My daughter has hit the age where she now asks for every single toy she sees on commercials. Not just commercials on the TV, but also the silly videos she likes to watch on YouTube. It’s driving me crazy! The rule in our house has always been no presents unless it’s your birthday, Christmas, or a special occasion. This has worked well, and has eliminated the problem of having her beg for toys every time we go somewhere. This is no longer the case. My husband and I have decided to implement a new system where she can earn her own money, and can then buy whatever she wants with what she earns. There are now two glass jars sitting in my kitchen. One is filled with the sparkly buttons she picked out, the other is Tootsie’s jar. Every chore she completes, every dinner she eats (Dinner time has turned into a nightmare lately!), and every kind gesture she makes earns her one button for her jar. Each button equals 25 cents, and can be cashed in at the end of the week. Also, bad behavior and bad choices result in losing a button.

So far, this system has been awesome! She has eaten her dinner without complaint and is constantly trying to find new ways to make money. I’m a little afraid we have created a monster. She wants a button for plugging in her IPod, for grabbing cheese from the fridge, or cleaning off the exact same spot on her rocking chair. We still have a few wrinkles to iron out. But the one thing that stands out in my minds is how hard she is trying to earn these buttons so she can then buy what she wants. And she’s happy to do it. She might not enjoy doing the chores or being so nice to her brother, but she knows it’s going to be worth it in the long run.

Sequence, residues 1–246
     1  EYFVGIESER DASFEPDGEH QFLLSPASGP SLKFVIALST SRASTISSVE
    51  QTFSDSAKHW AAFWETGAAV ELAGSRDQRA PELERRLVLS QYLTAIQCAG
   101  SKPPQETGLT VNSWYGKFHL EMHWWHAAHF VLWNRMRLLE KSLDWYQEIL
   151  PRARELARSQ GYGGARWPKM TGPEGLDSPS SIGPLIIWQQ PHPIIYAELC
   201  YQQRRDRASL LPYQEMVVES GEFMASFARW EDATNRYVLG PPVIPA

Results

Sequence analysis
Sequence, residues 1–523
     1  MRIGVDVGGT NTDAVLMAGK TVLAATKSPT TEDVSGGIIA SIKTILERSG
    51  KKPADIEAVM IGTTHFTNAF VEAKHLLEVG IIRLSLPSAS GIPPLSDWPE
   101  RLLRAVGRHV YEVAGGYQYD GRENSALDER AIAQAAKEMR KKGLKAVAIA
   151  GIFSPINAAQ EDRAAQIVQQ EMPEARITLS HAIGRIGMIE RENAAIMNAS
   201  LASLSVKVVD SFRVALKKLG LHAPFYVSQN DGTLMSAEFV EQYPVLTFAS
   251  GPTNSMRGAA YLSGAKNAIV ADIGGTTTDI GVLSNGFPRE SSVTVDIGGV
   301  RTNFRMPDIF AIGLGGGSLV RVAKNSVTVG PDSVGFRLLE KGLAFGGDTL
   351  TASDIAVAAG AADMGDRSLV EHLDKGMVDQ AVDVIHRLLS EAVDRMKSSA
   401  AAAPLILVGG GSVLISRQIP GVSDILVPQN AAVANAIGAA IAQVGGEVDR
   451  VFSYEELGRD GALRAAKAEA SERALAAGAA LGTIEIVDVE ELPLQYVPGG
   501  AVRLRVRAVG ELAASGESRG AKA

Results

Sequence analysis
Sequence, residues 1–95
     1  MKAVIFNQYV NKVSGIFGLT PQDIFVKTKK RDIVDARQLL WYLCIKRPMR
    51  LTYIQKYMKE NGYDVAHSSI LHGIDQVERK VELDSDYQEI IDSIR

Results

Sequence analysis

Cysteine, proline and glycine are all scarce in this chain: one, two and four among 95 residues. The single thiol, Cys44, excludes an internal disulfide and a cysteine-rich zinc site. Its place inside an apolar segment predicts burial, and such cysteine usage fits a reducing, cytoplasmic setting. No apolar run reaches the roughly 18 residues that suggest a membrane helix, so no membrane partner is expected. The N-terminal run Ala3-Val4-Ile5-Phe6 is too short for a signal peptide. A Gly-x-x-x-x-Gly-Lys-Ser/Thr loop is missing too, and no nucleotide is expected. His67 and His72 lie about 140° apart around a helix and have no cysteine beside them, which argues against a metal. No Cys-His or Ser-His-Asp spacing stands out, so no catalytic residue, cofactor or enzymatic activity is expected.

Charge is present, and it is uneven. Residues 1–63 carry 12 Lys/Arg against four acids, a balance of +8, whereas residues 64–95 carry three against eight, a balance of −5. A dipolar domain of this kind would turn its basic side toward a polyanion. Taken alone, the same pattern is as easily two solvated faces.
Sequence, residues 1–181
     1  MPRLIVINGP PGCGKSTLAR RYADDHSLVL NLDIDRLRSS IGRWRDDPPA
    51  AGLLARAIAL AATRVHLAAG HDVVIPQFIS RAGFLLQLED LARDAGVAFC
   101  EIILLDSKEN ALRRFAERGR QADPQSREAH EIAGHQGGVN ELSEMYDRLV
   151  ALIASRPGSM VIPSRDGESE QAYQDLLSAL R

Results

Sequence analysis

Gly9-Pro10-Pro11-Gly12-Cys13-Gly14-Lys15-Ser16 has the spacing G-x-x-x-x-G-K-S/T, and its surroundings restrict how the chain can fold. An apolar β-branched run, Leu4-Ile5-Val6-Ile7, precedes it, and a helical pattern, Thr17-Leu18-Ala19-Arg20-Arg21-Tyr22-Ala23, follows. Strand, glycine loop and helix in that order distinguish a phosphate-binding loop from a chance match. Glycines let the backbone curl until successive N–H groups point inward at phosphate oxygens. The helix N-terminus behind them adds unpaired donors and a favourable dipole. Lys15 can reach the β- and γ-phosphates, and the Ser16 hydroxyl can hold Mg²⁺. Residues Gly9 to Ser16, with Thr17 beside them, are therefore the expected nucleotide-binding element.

I recently finished a major rewrite on my first MS. I had received amazing feedback from a senior editor from a small publishing house, and I needed to make some changes before I resubmitted to her. God decided to do me a solid and put me in the path of someone who would become an invaluable CP and a great friend. She worked with me for a couple months to turn the story that I love into a book I am completely proud of. The edits were beyond time consuming and just plain hard. Day after day, night after night, I popped my chapters up on my computer and worked. I felt like my kids weren’t getting the attention they deserved, my dog needed a walk, and my house was the dirtiest it’s been. If I would have known how hard it was to get my MS into the shape it needed to be in, I admit I don’t know if I would have started the process at all. But now that it’s done, I realize how amazing it was!